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Five Ringers Keep Olympic Spirit Alive

Times Staff Writer

We all know about three-ring circuses, but here’s a Five Ring Club.

And, is it exclusive! Don’t try to crash. To be a member, one would have had to have worn a VVIP (Very Very Important Person) name tag and have served as a VVIP host or hostess in last summer’s Olympics, escorting kings, foreign dignitaries and celebrities and translating Los Angeles for out-of-towners.

The Five Ringers are so new that they are in the throes of adopting a constitution and by-laws.

But everyone likes a party, and the Ringers took time out to host a champagne garden party at the home of Dolores Shine Kerr to honor Vilma Pallette, who recently received the Volunteer Action Award from President Reagan for her work as Olympics Volunteer Services Manager. While others were in the limelight (and attending Olympic functions), remember, Vilma was usually directing volunteers hither and yon.

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At the affair Mrs. Pallette (wife of Dr. Ed) was presented a handwritten copy of the telegram the club sent her after the presidential recognition and, in part, it reads: “No one better than you exemplifies the spirit of true volunteerism. We observed you giving of your time gladly, dutifully concentrating on the job to be done with no regard for personal reward or gratification.”

So far, nearly 55 of the 180 VVIP hostesses have joined. Among themselves, they speak 22 languages. We hear they’re prepping for the Seoul Olympics. Volunteers do have fun.

The Permanent Charities Committee of the entertainment industries was exceedingly happy with its success this week. It accumulated an overage of $305,000 in its mid-year campaign for $600,000 headed by Elton H. Rule. Another $600,000 is due to be distributed in December.

Mary G. Albright, PCC board chairman was on hand at the 385 North Restaurant on La Cienega with a barrage of celebrities, including Anjelica Huston, Patty Duke, Robert Stack, Robert Hays, Richard Kline, Bob Mandan and Troy Donahue, for the announcement.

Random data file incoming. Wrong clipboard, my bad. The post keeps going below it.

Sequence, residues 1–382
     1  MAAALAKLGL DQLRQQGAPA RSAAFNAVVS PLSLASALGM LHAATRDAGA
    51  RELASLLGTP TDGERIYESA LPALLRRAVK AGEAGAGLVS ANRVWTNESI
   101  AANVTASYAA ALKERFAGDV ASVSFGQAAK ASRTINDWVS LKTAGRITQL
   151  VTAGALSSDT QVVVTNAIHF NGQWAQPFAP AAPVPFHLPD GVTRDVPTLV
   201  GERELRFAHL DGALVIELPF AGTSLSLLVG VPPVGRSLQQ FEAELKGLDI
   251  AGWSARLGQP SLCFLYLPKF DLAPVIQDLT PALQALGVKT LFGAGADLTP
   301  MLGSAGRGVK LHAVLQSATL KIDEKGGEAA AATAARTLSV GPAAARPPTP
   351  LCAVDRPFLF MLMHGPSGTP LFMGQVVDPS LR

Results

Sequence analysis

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PCC provides funds to 37 different groups for human care, including programs for research, patient care and professional and public education. Thirty seven groups will split the $600,000, with United Way receiving the largest portion--$411,450. The $305,000 in restricted funds has been given to 20 of those 37 for specific purposes.

Receiving the largest restricted grants were Dr. Guy Juillard’s immunotherapy cancer treatment research at UCLA, $75,000; United Way/Children’s Institute International training project on child sexual abuse, $42,000; Dr. Gordon Fain’s retinal research at Jules Stein Eye Institute, $25,000; and the Hemophilia Foundation of Southern California’s counseling of youngsters, adults and families in regard to the transmission of AIDS by blood transfusions, $20,000.

Mrs. Stafford Grady tells us it’s time for the changing of the guard: Mrs. Donley L. Brady becomes the new president of the Social Service Auxiliary, succeeding Mrs. Robert Ganey, who moves to first vice president. She’ll be assisted by other vice presidents--Mmes. Richard B. Goethals and Basil B. Gallagher.

And the Los Angeles Orphanage Guild met at Jimmy’s for luncheon with Cardinal Timothy Manning, back from Rome. Mrs. Laughlin E. Waters is turning the presidential gavel over to Mrs. Robert J. Liechti, who will have backup from Mmes. Frank B. Davidson, William T. Ingram II and Waters--all VPs.

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Ray Marshall, formerly of Acapulco Restaurants, will turn into a master chef himself Saturday when he hosts the Pasadena Art Workshop’s Fiesta Fantastica at his home. It will be a nice chance to see Ray’s library of more than 3,500 cookbooks, some dating to the 16th Century.